• THE ENEMY OF...

    THE ENEMY OF MY ENEMY IS MY ENEMY. Here's an important question for our friends on the other side of the aisle -- who to root for in Sunday's World Cup match between Mexico and Iran , the right's two most loathed countries? --Matthew Yglesias
  • THE NAME THING....

    THE NAME THING. One of the intriguing subplots of the post-9-11 era has been America's persistent inability to reach a consensus as to what to call the enemy. We've had "Islamism," "jihadism," the awful "Islamofascists," and now, courtesy of Tom Friedman , the even worse "Islamo-totalitarians." --Matthew Yglesias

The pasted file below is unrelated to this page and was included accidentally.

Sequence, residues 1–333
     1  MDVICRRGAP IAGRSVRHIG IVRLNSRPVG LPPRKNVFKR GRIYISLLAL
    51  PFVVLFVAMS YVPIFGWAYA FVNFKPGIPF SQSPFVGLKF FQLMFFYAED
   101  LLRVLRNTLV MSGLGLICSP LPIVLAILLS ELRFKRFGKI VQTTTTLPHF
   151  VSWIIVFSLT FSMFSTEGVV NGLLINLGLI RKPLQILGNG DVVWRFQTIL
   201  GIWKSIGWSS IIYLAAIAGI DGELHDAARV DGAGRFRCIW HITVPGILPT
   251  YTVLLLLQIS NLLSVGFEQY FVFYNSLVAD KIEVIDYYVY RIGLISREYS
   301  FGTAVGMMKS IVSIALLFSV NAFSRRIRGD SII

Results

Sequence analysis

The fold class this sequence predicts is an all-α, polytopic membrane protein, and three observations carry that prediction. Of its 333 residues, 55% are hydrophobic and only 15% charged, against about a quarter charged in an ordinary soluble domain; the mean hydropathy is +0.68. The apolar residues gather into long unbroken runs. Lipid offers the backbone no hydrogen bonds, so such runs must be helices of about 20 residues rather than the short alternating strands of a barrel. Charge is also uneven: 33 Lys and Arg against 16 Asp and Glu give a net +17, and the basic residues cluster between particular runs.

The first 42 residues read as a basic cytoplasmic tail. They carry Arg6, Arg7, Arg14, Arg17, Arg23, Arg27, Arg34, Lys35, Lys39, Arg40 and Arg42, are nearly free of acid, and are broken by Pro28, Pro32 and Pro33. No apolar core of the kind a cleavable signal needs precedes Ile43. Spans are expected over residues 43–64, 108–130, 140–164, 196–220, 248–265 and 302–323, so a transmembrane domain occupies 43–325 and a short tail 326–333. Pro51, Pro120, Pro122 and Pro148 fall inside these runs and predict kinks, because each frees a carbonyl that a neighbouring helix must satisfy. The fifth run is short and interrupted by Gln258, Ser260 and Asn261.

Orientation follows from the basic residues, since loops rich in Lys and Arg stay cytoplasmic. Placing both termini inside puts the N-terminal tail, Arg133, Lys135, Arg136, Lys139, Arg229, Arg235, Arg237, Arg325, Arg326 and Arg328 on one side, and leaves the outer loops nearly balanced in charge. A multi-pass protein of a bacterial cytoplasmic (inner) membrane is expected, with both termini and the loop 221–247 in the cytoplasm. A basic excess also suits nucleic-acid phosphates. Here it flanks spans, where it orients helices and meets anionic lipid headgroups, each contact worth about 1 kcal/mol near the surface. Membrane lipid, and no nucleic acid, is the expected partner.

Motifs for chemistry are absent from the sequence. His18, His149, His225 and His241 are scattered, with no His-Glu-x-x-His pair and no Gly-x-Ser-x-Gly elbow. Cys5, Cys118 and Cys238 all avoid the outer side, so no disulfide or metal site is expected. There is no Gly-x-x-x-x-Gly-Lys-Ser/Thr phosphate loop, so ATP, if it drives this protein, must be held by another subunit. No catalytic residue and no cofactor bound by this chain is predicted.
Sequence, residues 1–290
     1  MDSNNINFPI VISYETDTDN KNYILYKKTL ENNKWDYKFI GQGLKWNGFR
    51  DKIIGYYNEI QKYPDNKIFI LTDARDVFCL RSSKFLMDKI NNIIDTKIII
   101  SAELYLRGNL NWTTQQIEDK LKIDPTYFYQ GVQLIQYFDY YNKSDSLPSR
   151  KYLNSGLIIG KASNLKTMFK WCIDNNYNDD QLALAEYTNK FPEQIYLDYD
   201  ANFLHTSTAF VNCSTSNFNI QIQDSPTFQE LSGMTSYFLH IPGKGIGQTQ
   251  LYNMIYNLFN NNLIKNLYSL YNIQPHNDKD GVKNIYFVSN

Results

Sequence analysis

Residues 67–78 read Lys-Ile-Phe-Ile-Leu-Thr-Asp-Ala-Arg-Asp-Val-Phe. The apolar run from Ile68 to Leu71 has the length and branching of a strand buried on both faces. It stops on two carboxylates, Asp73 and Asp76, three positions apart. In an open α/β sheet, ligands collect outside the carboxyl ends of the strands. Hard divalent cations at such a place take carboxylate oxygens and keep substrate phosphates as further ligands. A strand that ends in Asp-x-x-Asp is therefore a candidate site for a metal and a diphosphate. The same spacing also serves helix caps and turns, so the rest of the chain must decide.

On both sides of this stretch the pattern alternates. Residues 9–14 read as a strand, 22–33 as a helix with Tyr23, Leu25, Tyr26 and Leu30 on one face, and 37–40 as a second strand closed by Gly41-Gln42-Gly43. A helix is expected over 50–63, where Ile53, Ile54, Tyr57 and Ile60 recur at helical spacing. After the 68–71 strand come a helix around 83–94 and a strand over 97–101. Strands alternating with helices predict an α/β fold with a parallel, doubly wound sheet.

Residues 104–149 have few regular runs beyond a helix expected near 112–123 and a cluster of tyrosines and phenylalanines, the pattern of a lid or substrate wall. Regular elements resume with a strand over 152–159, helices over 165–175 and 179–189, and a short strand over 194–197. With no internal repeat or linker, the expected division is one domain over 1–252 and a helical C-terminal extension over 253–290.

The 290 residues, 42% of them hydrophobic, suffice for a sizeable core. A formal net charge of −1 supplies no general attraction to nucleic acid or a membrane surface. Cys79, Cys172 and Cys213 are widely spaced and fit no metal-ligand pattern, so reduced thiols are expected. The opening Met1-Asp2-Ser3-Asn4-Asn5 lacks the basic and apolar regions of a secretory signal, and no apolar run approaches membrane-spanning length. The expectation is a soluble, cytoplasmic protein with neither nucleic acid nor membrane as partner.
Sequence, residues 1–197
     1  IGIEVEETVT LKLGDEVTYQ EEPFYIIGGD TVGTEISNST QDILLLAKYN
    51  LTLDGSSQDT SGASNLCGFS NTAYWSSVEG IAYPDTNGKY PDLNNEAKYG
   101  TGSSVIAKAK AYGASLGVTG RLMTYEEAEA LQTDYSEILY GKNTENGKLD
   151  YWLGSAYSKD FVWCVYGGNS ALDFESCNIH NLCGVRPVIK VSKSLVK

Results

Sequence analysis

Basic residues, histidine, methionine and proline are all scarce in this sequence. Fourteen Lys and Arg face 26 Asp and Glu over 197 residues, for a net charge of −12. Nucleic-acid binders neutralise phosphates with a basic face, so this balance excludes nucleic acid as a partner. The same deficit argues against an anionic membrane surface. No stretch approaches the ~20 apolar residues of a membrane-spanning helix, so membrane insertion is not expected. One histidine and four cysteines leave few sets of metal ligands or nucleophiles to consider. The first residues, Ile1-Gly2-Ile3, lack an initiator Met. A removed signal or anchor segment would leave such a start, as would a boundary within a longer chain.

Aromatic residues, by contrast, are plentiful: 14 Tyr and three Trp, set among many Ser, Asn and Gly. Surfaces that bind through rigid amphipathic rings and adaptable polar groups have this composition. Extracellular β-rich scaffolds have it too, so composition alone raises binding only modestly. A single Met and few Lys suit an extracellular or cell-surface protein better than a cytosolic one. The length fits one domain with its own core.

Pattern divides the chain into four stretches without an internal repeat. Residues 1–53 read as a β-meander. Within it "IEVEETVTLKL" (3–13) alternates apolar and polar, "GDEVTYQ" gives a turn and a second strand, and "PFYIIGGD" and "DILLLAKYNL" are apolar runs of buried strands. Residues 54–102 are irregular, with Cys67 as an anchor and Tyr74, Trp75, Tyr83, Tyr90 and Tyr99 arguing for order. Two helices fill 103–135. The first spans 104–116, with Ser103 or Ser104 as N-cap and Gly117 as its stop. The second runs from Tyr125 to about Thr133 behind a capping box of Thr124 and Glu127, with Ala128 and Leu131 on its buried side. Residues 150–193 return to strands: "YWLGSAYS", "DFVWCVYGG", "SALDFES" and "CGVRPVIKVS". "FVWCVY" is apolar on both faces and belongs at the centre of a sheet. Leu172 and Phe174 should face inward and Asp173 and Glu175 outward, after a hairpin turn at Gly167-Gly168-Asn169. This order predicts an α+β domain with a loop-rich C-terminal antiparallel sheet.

• AND A PONY!...

    AND A PONY! David Ignatius 's inspiring plan for post- Zarqawi Iraq: "Destroy his networks around the country. Peel off his supporters among the ex-Baathists and former regime loyalists; break his hold in towns such as Ramadi and Baqubah; get the Iraqi government out of the Green Zone and into the streets, where it can embolden ordinary Iraqis to believe that the republic of fear has ended." Good plan! How come nobody thought of that before? Maybe Superman will lend a hand . --Matthew Yglesias